Every survey we undertake requires us to build a relationship of trust with the participants, which is a challenge in itself. We have to earn their confidence, make them understand the nature of our survey and the confidentiality associated with it; and most importantly, make them believe that we are not lying. It becomes more difficult in such cases where the first reaction is so hostile. Anyways, with the power of my name, I had finally earned some confidence and I was lead to one of the separate buildings of the school. When I say “some confidence”, I literally mean it, because although they were overfriendly, they were not easily giving me the information I needed (I still consider it as one of the most difficult field works I have been to). The class teacher tested my patience and to every question I asked, either there was no straight answer or there was no answer at all. His answers usually were with examples (with me as an example character in almost all), and although he put across his points quite well, they were not in any way even closely related to the questions I had asked. The clock was ticking and I had to finish my household surveys too. So, somehow I managed to finish the survey in school and moved towards the listed houses.

Household survey means going from one house to another, (up and down, round and round) covering all the houses on the list. It seems that I had already broken the ice in school, so house-surveys were easier with people, warmly welcoming me with tea and sweets. Except that the tea and sweet offerings were accompanied by unusual questions like “Humare mein se kitne log kaam karte hain aapke yahan?”(At first I didn’t understand this question. On clarification, I understood that he meant how many Muslims were in my survey group).

I finished the survey. My identity did help me to cross the barrier that my colleague was not able to cross but this whole incident hit me with the sad truth of today’s world. I had read it in newspapers and seen debates on TV on how people are segregated in the name of religion, community, caste and colour. But it was not until this incident that it actually struck me and I realised what grave condition we are living in. I am a Muslim from Kashmir but due to my father’s job, I was never bought up in Kashmir. Rather I have grown up in places and among friends of different religious beliefs and never have we friends once discussed religion or let it come between us. Religion teaches us morality but we misread its teachings and choose to mould the meanings of its teachings to our comfort. It is disheartening to see that our education system has not been able to instil the humanity in people that can overcome the barriers of religion.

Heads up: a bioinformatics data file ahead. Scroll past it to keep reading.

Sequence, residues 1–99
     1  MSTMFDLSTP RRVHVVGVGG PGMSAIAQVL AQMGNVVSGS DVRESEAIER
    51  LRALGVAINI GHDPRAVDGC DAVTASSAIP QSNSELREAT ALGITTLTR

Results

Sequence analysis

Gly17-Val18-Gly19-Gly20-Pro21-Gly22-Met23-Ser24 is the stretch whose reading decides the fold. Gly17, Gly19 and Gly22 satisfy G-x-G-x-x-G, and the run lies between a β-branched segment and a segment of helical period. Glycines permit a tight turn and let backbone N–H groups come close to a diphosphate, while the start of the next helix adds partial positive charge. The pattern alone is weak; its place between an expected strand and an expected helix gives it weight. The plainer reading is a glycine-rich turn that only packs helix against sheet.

Well! Our survey was done, we left the village, and on our way back to hotel my mind was calmed by cool serene water and natural beauty of the place. This work trip, however, left a sour taste of ugly truth in my mouth.

Note: Names of places have been changed
Written By: Insha Mohammad, CECED, Ambedkar University Delhi. She can be reached at

Disclaimer: The views expressed here are solely of the author. This is not necessarily CECED’s point of view but only reported by CECED.